Applications – volume control, brightness control, and turning the circuit where the user needs to manually adjust a parameter.


A two-terminal where the rheostat’s wiper is connected to one end of the resistive wire. By turning the knob, one can change the resistivity.

Applications – motor speed control and current-limiting device.


Designed for occasional or one-time adjustment rather than continuous or frequent changes. This provides a stable and accurate means of setting specific parameters during the initial setup of devices.

Applications – when precise tuning or calibration is required, such as in oscillators, filters, voltage references

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Non-linear Resistors

The resistor value changes with a change in applied temperature and voltage which does not satisfy Ohm’s Law is known as Non-linear Resistor. Its I-V characteristic is not a straight line. There are a few types of Non-linear resistors.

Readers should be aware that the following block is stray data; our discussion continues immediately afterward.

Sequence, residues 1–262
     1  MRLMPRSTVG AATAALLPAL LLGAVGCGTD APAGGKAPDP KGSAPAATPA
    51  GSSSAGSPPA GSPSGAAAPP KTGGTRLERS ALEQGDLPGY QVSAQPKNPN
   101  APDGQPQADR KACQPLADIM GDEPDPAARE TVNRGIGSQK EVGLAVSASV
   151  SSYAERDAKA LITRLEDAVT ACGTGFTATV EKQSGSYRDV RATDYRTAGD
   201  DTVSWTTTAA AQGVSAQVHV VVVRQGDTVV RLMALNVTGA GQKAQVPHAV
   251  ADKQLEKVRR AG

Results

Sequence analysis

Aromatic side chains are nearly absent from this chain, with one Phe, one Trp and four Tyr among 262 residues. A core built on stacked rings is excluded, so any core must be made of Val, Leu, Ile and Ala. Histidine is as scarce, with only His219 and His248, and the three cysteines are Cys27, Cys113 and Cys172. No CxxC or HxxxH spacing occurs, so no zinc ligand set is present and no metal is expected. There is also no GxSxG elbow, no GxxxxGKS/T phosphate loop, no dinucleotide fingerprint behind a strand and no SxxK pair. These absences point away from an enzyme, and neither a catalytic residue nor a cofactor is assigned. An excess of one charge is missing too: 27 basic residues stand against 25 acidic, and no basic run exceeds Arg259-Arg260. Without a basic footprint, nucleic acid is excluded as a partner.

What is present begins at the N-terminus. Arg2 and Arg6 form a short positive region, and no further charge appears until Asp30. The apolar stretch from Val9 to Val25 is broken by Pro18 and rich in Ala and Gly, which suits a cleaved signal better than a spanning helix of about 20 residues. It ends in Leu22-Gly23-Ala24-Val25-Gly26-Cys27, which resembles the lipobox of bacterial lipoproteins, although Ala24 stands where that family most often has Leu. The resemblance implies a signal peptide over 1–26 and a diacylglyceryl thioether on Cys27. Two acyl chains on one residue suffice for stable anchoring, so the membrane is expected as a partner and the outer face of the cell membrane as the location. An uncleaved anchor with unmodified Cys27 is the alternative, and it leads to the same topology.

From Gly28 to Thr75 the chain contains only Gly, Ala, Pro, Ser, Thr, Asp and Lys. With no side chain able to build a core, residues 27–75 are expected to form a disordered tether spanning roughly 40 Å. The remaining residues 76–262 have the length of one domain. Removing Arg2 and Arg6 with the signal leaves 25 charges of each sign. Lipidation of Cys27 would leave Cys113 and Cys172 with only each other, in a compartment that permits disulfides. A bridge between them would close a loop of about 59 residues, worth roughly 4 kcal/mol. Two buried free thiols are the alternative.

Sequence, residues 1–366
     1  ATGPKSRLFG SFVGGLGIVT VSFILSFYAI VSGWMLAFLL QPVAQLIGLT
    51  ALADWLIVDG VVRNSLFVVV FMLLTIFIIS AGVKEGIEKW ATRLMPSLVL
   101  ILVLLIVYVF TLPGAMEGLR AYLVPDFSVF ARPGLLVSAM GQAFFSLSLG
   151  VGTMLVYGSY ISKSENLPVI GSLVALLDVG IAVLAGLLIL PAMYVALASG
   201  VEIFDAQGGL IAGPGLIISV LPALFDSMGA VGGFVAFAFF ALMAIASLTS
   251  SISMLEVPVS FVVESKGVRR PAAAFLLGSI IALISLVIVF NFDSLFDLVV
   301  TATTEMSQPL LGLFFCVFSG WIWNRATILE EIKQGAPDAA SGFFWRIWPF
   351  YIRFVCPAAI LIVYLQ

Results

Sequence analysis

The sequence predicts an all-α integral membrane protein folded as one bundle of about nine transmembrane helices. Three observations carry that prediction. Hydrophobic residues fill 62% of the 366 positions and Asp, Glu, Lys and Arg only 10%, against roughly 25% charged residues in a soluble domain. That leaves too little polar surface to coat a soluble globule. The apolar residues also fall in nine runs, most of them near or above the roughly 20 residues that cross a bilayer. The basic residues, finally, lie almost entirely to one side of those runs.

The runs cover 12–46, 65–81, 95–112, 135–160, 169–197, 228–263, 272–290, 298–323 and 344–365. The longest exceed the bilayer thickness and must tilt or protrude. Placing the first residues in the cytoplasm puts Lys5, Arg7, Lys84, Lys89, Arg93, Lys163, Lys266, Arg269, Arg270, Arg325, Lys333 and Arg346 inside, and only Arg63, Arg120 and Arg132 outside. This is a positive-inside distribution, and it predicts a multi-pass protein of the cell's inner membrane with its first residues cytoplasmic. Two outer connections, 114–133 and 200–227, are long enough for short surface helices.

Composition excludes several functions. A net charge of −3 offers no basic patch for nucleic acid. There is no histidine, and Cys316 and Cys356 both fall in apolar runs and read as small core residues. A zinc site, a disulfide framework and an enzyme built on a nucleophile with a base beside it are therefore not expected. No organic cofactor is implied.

The resistance value changes dramatically with the change in temperature. There are two main types:

  • Negative Temperature Coefficient (NTC) Thermistors
  • Positive Temperature Coefficient (PTC) Thermistors

Applications – Temperature sensors, and temperature compensation in electronic circuits.

Photo resistor

Photo Resistor or LDR (Light Dependent Resistor) is a light-controlled variable resistor. The photoresistor resistance decreases with an increase in incident light intensity.

Applications – Used in light-sensitive applications, such as automatic streetlights, and photography exposure control.

Varistor Resistor

Resistance decreases significantly when a voltage above a certain threshold is applied.

Applications – Used in surge protection devices, voltage clamping circuits, and power supplies to safeguard electronic components.

Surface Mount Resistor

Resistors designed for surface mount technology (SMT) applications.

Applications – PCB design, Communication Devices, Automotive Electronics.